@ashes999, story points is useful for velocity-related metrics but it's too coarse for process- and skill-improvement. Track the activities & their duration for each story. Once you have a few stories so tracked, look at the times for the activities. See if there's variation in each activity for duration per story point and if a variation in an activity technique or duration correlates to variation downstream in the story or later stories. Commented Mar 2, 2011 at 6:27

I think your list is good. I will suggest you at a minimum do the following things, even for small one-man projects:

  • Plan (make sure you have a good list of activities that explain how to get to your vision)
  • Track your plan, make sure you go back to your list at least weekly and see where you are in terms of your original estimates.
  • close the books at the end, by archiving your project documents in a central place. This will help you in the future.
  • 1
    Not bad, but these are all generic activities -- planning, tracking, and archiving. I'm looking more for specific activities that bring me benefit.
    – ashes999
    Commented Feb 9, 2011 at 15:06
  • 1
    Maybe I am not understanding the question. Could you add to your question your pain points? what is causing you wonder, if you are doing all the right PM activities for your self-manage projects. Thanks for your fast response.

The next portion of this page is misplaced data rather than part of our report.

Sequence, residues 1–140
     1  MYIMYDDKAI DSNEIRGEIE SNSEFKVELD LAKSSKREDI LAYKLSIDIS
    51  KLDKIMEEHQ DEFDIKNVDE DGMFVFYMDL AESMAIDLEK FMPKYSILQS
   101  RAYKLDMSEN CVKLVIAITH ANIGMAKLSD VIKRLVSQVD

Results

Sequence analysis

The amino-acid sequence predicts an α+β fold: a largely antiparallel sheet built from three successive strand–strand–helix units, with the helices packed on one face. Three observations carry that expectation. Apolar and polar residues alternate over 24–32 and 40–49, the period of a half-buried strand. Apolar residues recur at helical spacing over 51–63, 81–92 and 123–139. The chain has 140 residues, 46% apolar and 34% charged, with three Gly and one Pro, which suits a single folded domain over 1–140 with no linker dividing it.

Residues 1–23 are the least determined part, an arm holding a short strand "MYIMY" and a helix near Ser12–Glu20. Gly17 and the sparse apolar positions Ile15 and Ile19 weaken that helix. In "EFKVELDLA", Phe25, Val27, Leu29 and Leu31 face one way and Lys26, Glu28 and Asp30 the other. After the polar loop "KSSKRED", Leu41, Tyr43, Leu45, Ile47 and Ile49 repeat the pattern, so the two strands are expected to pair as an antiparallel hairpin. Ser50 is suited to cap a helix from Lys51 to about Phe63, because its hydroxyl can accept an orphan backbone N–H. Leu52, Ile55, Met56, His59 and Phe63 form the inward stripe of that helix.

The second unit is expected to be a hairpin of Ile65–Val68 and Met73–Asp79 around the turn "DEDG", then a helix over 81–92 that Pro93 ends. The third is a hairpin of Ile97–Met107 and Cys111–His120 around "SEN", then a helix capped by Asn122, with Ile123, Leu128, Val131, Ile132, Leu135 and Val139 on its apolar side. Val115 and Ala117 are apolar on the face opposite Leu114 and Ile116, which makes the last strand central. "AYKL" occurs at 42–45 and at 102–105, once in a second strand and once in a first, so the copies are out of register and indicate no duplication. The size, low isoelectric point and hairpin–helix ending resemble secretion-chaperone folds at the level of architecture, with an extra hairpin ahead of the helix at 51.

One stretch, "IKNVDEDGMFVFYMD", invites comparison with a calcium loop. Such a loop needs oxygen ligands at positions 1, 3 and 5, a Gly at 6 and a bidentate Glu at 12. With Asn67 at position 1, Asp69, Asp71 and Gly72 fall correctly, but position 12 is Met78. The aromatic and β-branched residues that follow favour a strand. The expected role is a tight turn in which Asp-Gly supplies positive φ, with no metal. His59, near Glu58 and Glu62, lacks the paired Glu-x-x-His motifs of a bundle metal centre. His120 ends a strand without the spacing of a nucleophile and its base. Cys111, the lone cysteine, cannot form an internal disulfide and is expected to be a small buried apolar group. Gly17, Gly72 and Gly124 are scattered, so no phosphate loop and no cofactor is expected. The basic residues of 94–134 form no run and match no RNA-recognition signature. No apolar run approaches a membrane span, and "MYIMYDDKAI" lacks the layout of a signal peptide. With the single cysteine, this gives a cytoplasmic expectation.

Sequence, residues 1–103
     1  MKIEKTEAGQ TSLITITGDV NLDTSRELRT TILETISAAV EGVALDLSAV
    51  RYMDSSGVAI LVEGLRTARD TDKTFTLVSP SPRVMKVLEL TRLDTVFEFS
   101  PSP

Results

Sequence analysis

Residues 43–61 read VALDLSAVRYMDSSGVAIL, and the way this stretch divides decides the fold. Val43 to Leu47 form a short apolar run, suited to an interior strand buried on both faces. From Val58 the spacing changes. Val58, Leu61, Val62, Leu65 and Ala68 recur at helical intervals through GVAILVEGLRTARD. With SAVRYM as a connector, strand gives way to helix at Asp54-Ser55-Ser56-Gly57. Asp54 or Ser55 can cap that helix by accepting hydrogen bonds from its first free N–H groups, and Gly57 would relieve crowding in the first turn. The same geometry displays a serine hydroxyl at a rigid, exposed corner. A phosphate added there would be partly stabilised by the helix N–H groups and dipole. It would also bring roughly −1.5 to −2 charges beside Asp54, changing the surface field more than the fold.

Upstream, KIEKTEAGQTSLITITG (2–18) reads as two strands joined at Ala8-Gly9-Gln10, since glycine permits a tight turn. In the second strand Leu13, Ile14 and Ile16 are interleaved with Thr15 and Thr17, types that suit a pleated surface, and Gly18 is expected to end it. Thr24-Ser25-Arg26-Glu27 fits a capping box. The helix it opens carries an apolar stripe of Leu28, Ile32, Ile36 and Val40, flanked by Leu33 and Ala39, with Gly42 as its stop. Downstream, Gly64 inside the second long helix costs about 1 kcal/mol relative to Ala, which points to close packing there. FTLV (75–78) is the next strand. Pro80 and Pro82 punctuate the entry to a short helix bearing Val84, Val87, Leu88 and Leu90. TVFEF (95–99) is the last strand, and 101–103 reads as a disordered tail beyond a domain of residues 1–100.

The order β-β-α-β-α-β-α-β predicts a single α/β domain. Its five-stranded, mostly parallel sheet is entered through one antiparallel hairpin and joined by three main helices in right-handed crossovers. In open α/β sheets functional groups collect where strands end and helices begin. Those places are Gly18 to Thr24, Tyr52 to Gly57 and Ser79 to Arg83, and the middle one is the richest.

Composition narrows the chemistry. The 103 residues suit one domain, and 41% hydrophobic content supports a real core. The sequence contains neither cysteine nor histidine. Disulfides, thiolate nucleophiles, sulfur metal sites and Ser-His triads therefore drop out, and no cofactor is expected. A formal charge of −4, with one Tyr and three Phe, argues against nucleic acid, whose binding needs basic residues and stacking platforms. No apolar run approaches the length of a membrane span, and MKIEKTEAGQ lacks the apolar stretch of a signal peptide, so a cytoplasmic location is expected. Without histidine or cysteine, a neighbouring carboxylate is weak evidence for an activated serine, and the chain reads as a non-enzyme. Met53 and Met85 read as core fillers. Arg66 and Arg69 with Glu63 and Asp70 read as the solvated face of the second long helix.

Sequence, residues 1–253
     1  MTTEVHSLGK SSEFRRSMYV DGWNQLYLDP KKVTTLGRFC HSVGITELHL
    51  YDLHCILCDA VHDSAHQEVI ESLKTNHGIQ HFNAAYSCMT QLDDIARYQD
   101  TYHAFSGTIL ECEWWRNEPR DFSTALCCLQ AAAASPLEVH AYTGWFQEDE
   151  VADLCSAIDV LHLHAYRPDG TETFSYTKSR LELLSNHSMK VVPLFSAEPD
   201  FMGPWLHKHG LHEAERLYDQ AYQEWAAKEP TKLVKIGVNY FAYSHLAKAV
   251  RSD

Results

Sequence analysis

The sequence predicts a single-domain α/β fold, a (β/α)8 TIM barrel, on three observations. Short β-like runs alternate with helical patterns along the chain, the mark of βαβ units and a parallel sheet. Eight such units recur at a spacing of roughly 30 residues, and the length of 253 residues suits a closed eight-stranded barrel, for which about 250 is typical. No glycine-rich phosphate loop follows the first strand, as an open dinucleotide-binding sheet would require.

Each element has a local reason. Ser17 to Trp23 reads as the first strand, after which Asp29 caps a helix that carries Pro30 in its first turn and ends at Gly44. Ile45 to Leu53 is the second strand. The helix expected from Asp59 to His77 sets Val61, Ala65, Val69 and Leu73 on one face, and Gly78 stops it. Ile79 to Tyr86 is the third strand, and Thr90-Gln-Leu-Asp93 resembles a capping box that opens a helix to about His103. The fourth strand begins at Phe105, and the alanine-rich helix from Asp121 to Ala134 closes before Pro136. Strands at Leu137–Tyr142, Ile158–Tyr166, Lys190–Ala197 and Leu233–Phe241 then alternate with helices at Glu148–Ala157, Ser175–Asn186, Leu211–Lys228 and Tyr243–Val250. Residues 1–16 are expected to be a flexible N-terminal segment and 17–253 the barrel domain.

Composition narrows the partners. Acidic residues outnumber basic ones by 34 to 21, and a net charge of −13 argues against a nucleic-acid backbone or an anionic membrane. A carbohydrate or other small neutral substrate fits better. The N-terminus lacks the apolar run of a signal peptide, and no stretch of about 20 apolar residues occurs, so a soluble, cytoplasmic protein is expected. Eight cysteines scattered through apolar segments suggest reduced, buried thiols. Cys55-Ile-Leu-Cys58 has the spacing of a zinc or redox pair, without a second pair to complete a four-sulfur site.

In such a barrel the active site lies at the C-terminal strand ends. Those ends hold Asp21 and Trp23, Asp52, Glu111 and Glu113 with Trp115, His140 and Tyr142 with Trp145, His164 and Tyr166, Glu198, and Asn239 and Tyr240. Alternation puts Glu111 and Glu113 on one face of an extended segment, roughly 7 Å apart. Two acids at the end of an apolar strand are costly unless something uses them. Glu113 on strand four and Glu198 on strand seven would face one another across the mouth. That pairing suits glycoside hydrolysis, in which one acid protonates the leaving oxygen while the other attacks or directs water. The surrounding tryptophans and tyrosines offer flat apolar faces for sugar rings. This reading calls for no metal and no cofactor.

– Geo
    Commented Feb 9, 2011 at 15:15
  • If I knew my pain points, I wouldn't have asked the question :) I would've had a list of problems and devised solutions to them. I'm looking to flush out my practices with any best-practices from other PMs.
    – ashes999
    Commented Feb 9, 2011 at 15:30
  • @Ivo, I really appreciate you pointing this out, since I have been using SO for over 2 years without ever getting this point presented to me. I do believe that using salutation and signature adds tone and personality to each member's post, allowing each discussion forum to have its own life. I think we will all agree that PMs should be masters of communication, and there is no communication without the right tone. Nevertheless, I appreciate and will take your suggestion in consideration.
    – Geo
    Commented Feb 11, 2011 at 20:56

As we are talking on software domain, don't start the development only with:

A vision of what I'm going to accomplish

Design a fast flowchart of your project functionality.

There are a lot of free flowchart software on the web like, gliffy or SlickPlan.

It saves you, time and problems even if it is a small project.